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The Many Nicknames of the Earl of Oxford

Master Apis Lapis

Charles Wisner Barrell, writing in the October 1944 issue of The Shakespeare Fellowship Quarterly, exposed for the first time a reality with devastating implications for Shakespearean orthodoxy.

Thomas Nashe, in his 1592 dedicatory preface to Strange News, refers to the Earl of Oxford as “Master Apis Lapis” (the “sacred stone oxen”) and “Gentler Master William,” argued Barrell.

This finding is important not merely because it demonstrates that the nickname “William” was apparently applied to Oxford in 1592 on the eve of the publication of Venus and Adonis. Just as importantly, Nashe’s dedication is an effusive testimony to Oxford’s potent reputation as a brilliant but suppressed and controversial poet and playwright.

Oxford’s persona, Barrell implied, overshadows the entire exchange of pamphlets between Nashe and his literary adversary, the Cambridge scholar Gabriel Harvey. In Strange News itself, Nash warns Harvey to beware of Oxford: “He is a little man, but hath one of the best wits in England.”

In his preface to the tract, argued Barrell, Nashe trades jests with this same witty patron and Lordly drinking companion, under the rubric of the nickname “Master Apis Lapis.”

Orthodox Shakespeareans like Terry Ross and David Kathman argue that Strange News is dedicated to someone named William Beeston, a man whose existence cannot even be firmly established by Elizabethan scholars but whom John Payne Collier evidently regarded as “a man of some authority on matters of poetry.”

Revealingly, although this theory is endorsed in passing by the great Nashe scholar Ronald McKerrow, writing four decades before Barrell conducted the first serious investigation of the matter in this article, no one — not even Ross or Kathman — has attempted to refute Barrell’s analysis or argue in any detail for the identification of Lapis with Beeston.

Perhaps now that Barrell’s article is finally available to general readers on the web, some enterprising young enthusiast for the Stratfordian paradigm will undertake to demonstrate in detail why we should trust the offthand remark of John Payne Collier instead of accepting Barrell’s detailed and, it seems to us, conclusive contextualization of the evidence. When someone does, we’ll be happy to provide a link to it.

Pierce Penniless

The years 1592-93 were busy ones for Thomas Nashe. His Strange News with the effusive dedication to Master Apis Lapis appeared in print sometime in January, but only about five months before that he published another controversial work, Pierce Penniless His Supplication to the Devil.

As this article (pdf format) by Mark Anderson and Roger Stritmatter demonstrates, Nashe had recently been gravely dissapointed by his patron Oxford, whose financial difficulties had resulted in Nashe spending some time in debtor’s prison when Oxford failed to pay his promised share of the rent on apartments in which he was subsidizing Nashe and another poet, Thomas Churchyard.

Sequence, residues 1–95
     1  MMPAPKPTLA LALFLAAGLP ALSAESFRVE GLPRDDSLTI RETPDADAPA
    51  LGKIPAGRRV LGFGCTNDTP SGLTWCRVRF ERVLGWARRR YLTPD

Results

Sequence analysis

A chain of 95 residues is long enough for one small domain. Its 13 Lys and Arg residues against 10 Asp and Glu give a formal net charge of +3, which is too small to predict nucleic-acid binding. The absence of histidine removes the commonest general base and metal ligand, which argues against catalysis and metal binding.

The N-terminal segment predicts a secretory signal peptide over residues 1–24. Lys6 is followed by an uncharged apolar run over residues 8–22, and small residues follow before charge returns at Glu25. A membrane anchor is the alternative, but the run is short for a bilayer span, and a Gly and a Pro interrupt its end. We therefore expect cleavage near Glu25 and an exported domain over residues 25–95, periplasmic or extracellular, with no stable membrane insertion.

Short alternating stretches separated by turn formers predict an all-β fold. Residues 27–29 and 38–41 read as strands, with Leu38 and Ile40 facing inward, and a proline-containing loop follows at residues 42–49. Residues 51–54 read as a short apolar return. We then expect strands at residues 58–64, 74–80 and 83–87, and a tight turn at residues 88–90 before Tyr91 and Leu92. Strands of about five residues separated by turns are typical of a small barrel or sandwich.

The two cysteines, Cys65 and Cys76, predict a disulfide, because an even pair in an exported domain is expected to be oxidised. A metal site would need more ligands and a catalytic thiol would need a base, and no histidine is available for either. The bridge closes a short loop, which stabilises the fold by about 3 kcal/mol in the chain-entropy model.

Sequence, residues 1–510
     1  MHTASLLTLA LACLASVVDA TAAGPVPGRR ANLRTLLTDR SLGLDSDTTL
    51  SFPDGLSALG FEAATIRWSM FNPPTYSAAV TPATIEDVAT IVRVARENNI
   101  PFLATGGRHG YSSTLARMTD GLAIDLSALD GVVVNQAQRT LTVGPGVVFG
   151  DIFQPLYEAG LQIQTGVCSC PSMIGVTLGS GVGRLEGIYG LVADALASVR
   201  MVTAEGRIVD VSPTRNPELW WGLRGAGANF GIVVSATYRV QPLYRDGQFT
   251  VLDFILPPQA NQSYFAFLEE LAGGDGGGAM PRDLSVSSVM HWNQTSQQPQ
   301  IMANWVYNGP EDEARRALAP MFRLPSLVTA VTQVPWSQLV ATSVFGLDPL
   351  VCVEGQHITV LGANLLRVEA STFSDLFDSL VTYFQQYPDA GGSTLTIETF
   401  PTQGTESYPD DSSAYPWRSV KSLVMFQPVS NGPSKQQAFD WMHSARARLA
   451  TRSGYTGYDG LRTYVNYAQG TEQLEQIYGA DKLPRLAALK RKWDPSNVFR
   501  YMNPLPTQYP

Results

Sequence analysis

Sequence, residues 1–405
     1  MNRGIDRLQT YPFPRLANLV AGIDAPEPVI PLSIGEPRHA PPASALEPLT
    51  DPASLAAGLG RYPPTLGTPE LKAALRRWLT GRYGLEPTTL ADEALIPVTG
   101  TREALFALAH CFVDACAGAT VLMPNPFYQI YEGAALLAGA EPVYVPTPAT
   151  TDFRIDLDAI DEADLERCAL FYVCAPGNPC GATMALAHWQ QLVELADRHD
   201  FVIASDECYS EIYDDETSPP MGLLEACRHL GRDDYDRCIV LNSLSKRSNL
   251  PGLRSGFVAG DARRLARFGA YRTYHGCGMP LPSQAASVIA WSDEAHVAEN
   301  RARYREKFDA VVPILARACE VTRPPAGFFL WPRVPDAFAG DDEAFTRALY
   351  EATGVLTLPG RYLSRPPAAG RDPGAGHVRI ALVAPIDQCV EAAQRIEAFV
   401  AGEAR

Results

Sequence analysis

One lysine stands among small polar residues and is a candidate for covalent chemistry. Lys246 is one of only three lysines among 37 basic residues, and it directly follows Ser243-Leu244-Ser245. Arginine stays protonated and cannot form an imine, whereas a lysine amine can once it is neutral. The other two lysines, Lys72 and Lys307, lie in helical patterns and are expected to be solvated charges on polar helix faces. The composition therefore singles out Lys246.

Pierce Penilesse is a caricature of a fallen nobleman who is unable to maintain his financial standing without appealing to the devil for financial aid. Penniless, argue Anderson and Stritmatter, as does Elizabeth Appleton in her new book on the Marprelate pamphlet wars, was another of Nashe’s nicknames for his improvident but brilliant patron.

Terry Ross, however, in an article posted to the Usenet discussion group HLAS (“Humanities Literature Authorship Shakespeare), attacks Anderson and Stritmatter’s argument and asserts that “Harvey’s references to ‘Pierce Penniless’ in Four Letters and in Pierce’s Supererogation and elsewhere are ALWAYS references to Thomas Nashe or his work and are NEVER to Oxford.”


Cuddy is the judge of the rhyming contest in the October section of Edmund Spenser’s Shepherde’s Calendar (1579), where he is described as the “perfecte pattern of a poet.” This long-overlooked analysis by Eva Turner Clarke, first published in the 1933 book, The Satirical Comedie of Love’s Labour’s Lost, argues — convincingly we believe — that Cuddy (otherwise completely unidentified by Spenser scholars) is based on Oxford. If so, it is telling indeed that by 1579 he was known to no less an authority than Spenser as the “perfect pattern of a poet.”

Pasquill Cavaliero of England

Pasquill is the nom de plume assumed by the most important of the writers who sallied into the literary field to defend of the Anglican establishment against the satirical attacks of the Puritan pamphleteer Martin Marprelate (c. 1588-90). Pasquill’s identity has never been established. In her new book analyzing the problem Elizabeth Appleton argues convincingly that Pasquill was a pseudonym adopted by the Earl of Oxford (details and links forthcoming).


The name of the aristocratic ideal pictured in three famous novels by John Lyly, Oxford’s secretary, written 1579-81. Later applied by Gabriel Harvey and others to Oxford himself (details and links forthcoming).


This, then is a partial list of the many nicknames which were apparently applied to the Earl of Oxford by Nashe and Harvey, or which, in the latter case, were actually employed by Oxford as a fictive persona — pseudonym — in the public arena. More remain to be discovered.

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